Like it or not, TikTok is now a global phenomenon, not just in terms of cultural relevance, but also as a real business success. (As we all have seen with Twitter, you can be very culturally relevant and still struggle as a business.)
Based on the latest round of earnings reports from all the large social media companies, everyone is having trouble growing and competition from TikTok is a big reason why. As popular as TikTok may be, how it got to where it is today is poorly understood – until this Chinese language article was published last week. Titled “TikTok Behind the Scenes: Zhang Yiming’s Global Journey Among Giant Waves” (original Chinese title: 《TikTok内幕：张一鸣的巨浪征途》), this deeply-sourced, well-reported, and beautifully-written article told the story of ByteDance’s global ambition that dates back to at least 2015 – long before TikTok was conceived.
There is a ton of materials worth unpacking in this 22,000+ character long article. Today, we will focus on one part that is particularly interesting to me – how TikTok strategizes and invests in its global expansion. (My day job is driving global expansion strategy at GitHub, which is, of course, a very different type of company and product than TikTok.)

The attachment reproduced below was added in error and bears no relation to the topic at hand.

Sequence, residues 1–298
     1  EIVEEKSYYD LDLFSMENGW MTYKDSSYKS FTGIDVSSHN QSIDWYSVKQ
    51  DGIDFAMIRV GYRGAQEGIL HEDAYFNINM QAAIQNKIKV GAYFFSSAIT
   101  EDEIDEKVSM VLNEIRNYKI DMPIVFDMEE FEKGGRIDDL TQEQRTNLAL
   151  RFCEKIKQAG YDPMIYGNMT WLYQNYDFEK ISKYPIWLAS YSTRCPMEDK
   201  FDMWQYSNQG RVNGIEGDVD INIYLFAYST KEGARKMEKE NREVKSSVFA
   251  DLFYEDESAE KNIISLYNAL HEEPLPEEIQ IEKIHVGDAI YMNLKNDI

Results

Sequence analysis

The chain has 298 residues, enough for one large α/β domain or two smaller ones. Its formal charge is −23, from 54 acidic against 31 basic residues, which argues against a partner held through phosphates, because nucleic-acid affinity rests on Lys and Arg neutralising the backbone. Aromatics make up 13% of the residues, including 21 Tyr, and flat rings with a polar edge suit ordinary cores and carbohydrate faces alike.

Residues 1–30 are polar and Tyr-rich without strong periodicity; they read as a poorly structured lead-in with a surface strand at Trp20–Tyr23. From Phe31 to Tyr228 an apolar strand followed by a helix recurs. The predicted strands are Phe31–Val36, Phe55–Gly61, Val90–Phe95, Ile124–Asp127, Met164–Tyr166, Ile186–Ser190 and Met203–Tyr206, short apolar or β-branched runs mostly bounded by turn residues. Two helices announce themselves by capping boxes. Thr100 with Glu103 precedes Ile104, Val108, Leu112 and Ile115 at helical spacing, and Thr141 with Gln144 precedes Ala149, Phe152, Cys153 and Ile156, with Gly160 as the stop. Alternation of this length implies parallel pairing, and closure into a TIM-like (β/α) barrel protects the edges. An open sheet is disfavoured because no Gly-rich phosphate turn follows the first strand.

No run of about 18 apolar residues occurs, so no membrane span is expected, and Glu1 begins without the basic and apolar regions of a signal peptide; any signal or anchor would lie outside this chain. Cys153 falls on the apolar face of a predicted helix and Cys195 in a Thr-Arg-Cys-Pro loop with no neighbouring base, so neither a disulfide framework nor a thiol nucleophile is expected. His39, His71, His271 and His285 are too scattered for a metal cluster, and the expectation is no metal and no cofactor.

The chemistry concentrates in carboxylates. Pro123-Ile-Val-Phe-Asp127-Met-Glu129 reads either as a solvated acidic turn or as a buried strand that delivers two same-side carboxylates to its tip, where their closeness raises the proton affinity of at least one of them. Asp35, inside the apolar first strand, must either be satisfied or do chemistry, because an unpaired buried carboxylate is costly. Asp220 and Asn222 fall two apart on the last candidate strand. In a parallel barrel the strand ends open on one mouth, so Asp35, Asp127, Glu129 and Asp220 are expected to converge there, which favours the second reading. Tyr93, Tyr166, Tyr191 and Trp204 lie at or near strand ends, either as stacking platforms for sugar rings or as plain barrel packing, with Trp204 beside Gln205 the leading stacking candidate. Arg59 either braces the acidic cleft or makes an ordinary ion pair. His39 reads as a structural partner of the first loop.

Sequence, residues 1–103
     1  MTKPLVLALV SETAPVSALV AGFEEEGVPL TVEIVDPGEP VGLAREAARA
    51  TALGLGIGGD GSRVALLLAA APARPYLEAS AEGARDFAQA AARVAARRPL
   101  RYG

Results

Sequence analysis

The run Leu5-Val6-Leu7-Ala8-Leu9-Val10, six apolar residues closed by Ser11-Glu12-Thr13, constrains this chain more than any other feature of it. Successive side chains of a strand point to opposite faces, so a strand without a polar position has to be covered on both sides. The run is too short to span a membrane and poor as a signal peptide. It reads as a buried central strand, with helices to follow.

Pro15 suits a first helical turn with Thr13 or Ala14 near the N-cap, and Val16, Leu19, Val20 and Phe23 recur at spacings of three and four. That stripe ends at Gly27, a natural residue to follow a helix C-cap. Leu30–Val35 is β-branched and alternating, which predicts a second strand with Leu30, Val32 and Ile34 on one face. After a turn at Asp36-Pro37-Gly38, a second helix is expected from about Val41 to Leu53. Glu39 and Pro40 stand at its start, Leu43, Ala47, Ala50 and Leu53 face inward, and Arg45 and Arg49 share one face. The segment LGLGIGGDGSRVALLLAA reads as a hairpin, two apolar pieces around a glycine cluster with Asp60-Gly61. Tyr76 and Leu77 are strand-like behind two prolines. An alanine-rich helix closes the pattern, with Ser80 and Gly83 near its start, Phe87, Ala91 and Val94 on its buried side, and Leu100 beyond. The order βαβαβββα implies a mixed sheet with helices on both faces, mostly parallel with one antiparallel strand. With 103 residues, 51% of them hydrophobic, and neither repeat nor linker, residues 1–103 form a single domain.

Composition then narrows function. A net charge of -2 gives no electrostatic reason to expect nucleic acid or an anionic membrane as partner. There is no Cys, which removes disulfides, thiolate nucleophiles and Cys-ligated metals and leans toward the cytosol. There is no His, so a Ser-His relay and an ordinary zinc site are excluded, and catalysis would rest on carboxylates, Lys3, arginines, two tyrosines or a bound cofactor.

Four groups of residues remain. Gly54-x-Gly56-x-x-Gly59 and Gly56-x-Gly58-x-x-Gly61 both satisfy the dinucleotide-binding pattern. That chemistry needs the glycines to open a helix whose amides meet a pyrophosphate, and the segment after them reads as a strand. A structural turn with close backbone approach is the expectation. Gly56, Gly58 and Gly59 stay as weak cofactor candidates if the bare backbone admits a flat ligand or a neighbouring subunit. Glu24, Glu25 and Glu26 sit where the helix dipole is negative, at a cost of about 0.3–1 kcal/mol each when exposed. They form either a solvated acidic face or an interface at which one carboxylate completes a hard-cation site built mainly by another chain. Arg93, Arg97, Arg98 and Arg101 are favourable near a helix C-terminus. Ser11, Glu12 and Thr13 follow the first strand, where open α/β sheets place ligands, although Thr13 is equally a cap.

Market Ranking Framework: S/A/B/C/Others
To prioritize all the markets TikTok wants to expand to outside China, it established a “S/A/B/C/Others” market ranking framework. Here is how this framework works:
- S (as in “strategic”, highest priority): United States, Japan, United Kingdom, India (now banned)
- A (2nd priority): Germany, Brazil
- B (3rd priority): a group of 15-20 countries. Examples include France, Italy, Spain, the Netherlands, Russia, South Korea, Indonesia, Mexico, Canada, Australia.
- C (4th priority): a group of 20-30 countries. Examples include Thailand, Vietnam, Saudi Arabia, UAE, Egypt, Argentina.
- Others (lowest priority): rest of the world
The author of this article, Zhang Xiaoyun, made a helpful graphic (in Chinese) summarizing this market ranking model and the reasoning behind each tier.
Some of the inputs TikTok used to rank these markets are quite common: population, GDP, mobile internet penetration level, size of digital advertising market. Other inputs are based on proprietary data (possibly illegally obtained) and competitive dynamics.
As the article revealed, ByteDance lured many Facebook managers away in 2019, when TikTok was also spending millions of dollars advertising on Facebook. Along with those ex-Facebook managers came Facebook’s internal, proprietary data that mapped not only its daily active users (DAUs) in every country, but also its Average Revenue Per User (ARPU) by country.
Having this data helped TikTok populate its “Tier B” countries, some of which might have been ignored if Facebook’s data did not reveal their commercial potential. Russia and Latin American countries received priority, simply because ByteDance’s Chinese competitors, Kuaishou and Likee, were also expanding into those markets. This “S/A/B/C/Others'' framework was fully operationalized in early 2020, when TikTok the product was reasonably mature (after merging with Musical.ly) and Zhang Yiming was hyper-focused and hyper-aggressive in realizing his global expansion ambition.